Pitchblende was discovered in the Caribou mine, Boulder County. Colo., in 1948 by Consolidated Caribou Silver Mines, incorporated during the reopening of the 1040-level. Since 1948, a small quantity of pitchblende has been produced from the Radium vein during exploratory work that was done under contract with the Atomic Energy Commission. The Caribou mine, primarily a silver mine, develops five veins (Caribou. No Name, Poorman, Sherman and Silver Dollar) that were formerly worked as separate mines. Three other veins, the Radium, Elmer, and Nelson, are exposed in the Caribou mine only at and below the 920-level.
The general geology of the Caribou area, known since 1869 as a silver district, has been discussed by Bastin and Hill (1917) and more recently by Lovering and Goddard (1950). In 1937 a detailed study of the petrography of the Caribou stock was made by Smith (1938). In 1948 and 1949, R.U. King (1950) of the U. S., Geological Survey examined the Caribou mine to evaluate the uranium deposit. In 1950, D.M. Sheridan and E.N. Hinrichs of the U. S. Geological Survey made a radioactivity reconnaissance of the mine dumps at Caribou and vicinity. This reconnaissance included examination of most of the accessible workings of the Caribou mine. Other reports on the area are listed in the bibliography.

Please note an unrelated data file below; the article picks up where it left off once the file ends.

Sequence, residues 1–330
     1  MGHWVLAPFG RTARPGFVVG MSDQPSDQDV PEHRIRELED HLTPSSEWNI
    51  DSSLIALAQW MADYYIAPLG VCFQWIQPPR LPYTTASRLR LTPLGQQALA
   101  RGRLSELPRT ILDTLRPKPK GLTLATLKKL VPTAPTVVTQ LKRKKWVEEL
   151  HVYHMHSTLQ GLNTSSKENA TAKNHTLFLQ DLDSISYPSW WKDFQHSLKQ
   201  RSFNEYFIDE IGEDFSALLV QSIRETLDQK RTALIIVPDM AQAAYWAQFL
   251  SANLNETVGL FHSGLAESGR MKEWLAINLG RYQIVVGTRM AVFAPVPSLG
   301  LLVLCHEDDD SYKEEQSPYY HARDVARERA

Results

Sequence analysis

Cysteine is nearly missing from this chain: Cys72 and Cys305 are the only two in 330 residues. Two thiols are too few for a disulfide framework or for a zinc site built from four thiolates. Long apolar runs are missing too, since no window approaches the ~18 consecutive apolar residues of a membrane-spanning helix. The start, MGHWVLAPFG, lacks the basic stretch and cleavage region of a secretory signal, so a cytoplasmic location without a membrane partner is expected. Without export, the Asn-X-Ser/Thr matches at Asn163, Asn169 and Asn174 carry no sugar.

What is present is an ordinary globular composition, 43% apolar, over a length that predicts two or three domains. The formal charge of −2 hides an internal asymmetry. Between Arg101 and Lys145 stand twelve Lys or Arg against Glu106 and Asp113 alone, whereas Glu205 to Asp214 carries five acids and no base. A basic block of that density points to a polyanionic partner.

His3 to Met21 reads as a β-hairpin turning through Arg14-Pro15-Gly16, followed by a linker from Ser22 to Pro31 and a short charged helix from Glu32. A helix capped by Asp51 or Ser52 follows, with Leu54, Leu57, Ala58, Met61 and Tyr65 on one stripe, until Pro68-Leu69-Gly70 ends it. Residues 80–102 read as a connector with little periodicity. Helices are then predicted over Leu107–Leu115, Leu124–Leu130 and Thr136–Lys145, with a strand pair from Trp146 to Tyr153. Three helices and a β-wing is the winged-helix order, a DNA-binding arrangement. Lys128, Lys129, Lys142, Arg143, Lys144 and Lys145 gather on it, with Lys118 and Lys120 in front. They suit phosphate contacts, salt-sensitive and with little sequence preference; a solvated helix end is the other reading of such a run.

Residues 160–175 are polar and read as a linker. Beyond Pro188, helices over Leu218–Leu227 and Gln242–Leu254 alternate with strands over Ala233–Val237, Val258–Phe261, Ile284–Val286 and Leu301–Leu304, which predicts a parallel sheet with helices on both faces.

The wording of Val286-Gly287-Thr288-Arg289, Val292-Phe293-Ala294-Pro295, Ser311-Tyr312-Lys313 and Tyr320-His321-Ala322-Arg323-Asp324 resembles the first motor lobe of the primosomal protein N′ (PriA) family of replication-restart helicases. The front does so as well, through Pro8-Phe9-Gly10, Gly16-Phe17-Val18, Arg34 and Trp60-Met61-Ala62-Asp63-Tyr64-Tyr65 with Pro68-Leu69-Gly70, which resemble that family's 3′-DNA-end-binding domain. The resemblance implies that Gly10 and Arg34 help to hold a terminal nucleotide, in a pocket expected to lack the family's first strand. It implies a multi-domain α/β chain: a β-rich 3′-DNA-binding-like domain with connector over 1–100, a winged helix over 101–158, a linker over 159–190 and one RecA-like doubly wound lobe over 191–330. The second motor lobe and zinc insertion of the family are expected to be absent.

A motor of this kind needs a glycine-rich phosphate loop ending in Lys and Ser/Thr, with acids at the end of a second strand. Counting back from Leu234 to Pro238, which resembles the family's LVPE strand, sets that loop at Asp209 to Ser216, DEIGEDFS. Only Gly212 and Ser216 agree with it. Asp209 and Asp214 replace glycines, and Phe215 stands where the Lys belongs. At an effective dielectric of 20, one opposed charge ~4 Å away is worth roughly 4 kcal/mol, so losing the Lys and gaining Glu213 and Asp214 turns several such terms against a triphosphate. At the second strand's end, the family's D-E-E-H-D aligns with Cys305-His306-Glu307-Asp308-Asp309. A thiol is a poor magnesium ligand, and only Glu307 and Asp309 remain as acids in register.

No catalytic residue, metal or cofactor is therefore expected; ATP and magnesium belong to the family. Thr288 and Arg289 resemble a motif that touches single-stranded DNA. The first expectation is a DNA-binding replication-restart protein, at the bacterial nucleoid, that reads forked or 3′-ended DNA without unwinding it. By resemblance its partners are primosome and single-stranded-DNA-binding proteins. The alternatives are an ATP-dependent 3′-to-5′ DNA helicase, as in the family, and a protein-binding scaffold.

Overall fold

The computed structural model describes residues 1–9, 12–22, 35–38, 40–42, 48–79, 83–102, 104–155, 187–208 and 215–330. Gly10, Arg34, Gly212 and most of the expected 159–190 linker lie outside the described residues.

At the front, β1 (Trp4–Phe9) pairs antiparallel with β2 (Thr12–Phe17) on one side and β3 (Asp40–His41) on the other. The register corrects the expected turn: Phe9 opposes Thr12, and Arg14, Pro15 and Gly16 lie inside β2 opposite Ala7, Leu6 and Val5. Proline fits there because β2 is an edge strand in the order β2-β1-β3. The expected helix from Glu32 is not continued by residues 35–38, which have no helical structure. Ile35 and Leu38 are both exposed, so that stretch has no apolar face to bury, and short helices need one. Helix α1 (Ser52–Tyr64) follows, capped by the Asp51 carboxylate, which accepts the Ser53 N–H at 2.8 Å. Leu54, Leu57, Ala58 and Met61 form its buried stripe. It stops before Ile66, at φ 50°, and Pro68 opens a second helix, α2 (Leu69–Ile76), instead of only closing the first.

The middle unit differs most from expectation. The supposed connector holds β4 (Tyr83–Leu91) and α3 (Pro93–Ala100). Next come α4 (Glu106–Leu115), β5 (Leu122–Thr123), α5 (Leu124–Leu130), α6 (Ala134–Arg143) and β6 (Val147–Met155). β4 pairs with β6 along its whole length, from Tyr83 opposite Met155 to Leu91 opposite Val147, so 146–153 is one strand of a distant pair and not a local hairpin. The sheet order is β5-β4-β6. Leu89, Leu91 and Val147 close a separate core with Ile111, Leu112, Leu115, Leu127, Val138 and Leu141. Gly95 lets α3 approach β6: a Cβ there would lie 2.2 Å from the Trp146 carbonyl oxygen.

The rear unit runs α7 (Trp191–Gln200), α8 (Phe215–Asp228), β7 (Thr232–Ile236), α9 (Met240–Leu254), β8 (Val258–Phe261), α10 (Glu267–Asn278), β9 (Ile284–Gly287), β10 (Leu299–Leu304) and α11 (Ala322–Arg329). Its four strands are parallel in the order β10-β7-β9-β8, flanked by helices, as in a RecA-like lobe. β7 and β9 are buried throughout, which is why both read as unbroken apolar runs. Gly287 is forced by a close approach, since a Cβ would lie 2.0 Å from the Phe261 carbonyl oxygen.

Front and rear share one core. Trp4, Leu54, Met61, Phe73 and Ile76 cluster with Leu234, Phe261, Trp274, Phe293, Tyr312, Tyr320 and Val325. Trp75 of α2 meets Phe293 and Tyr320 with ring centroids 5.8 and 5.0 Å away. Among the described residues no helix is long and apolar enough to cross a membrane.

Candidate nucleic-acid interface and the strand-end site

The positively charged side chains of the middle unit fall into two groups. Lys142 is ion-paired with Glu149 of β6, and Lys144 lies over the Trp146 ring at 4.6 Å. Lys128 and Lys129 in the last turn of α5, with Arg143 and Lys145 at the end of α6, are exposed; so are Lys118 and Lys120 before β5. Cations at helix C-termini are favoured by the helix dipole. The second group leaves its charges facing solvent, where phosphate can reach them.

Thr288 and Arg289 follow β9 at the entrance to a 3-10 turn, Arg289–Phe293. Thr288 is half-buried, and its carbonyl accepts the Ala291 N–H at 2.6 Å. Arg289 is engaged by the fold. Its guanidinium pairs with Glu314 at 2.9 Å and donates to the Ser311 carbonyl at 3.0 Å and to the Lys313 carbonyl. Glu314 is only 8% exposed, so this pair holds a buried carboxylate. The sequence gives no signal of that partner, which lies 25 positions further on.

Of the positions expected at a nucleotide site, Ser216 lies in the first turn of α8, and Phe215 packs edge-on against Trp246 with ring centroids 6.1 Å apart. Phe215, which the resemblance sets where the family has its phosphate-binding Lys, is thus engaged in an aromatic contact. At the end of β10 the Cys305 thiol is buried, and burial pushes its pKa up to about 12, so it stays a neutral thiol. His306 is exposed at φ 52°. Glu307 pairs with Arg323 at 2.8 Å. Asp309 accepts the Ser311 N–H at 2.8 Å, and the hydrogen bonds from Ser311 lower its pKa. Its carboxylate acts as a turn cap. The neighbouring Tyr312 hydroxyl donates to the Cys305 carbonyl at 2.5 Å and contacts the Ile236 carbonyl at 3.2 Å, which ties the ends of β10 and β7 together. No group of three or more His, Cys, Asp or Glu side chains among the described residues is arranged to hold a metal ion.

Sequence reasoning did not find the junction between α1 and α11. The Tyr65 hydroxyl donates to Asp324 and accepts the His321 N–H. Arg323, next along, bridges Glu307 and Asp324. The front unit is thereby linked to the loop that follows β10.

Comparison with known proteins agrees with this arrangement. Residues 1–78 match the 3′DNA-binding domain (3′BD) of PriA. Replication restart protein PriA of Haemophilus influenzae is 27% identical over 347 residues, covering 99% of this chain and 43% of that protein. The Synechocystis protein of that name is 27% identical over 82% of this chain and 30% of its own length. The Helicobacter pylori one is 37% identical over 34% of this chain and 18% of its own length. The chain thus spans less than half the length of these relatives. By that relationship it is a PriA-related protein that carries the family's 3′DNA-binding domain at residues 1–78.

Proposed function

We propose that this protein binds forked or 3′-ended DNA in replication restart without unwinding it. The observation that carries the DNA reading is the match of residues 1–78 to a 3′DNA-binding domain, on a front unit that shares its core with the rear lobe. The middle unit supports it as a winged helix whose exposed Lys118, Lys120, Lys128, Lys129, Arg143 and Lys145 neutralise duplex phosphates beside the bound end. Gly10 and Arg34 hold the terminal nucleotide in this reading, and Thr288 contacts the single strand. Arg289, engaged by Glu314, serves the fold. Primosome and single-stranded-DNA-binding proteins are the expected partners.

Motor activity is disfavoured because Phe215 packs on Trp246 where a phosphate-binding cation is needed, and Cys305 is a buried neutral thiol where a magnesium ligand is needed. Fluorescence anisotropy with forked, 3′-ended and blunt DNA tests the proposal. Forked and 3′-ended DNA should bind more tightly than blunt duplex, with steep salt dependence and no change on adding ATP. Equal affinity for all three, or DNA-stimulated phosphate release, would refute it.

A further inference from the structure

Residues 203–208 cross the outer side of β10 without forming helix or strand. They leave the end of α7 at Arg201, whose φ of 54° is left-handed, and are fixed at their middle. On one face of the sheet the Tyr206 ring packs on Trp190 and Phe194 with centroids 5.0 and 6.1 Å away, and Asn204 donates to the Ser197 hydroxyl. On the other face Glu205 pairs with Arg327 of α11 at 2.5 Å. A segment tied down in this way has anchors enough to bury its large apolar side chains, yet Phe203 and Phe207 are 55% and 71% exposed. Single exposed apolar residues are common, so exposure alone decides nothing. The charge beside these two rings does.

As a result of King’s preliminary examination and the later exploration for uranium on the property, the U.S. Geological Survey in 1951 began a detailed investigation of the Caribou area on behalf of the Division of Raw Materials of the Atomic Energy Commission, the principal purpose of which was to evaluate the uranium occurrences in the area. The study was begun by E. P. Kaiser and W. S., Cavender, who established a triangulation net, using a base line in Caribou Park for horizontal control and a U.S. Geological Survey bench mark on the top of Caribou Hill for vertical control. Upon the assignment of Kaiser to another project in August 1951 the investigation was continued until November 1951, by F.B. Moore and W. S. Cavender. During the study of the district the writers prepared a geologic map at a scale of 1 inch to 100 feet of an area of about one square mile. The mapped area includes most of the mines in the Caribou district and embraces the eastern half of Caribou Hill and adjacent areas to the east and north. In addition, all accessible underground workings were mapped at a scale of 1 inch to 40 feet.
The writers wish to acknowledge the cooperation of the staff of the Consolidated Caribou Silver Mines incorporated, who made the Caribou mine available for examination at all times and who furnished maps and suggestions that were of great assistance. Mr. A.E. Blakesley, owner of the Comstock mine, was also most cooperative in making possible the examination of his mine. Thanks are due Dr., E.E. Wahlstrom of the University of Colorado and to the Boulder Daily Camera for the use of their files containing information on the Caribou mine. To S. Lovering of the U.S. Geological Survey made many valuable suggestions on the identification of alteration products in thin section.
|Publication Subtype||USGS Numbered Series|
|Title||Geology and uranium deposits of the Caribou area, Boulder County, Colorado|
|Series title||Trace Elements Investigations|
|Publisher||U.S. Geological Survey|
|Description||Report: 61 p.; 10 Plates: 41.92 x 28.48 inches or smaller|
|Online Only (Y/N)||N|
|Additional Online Files (Y/N)||Y|
|Google Analytic Metrics||Metrics page|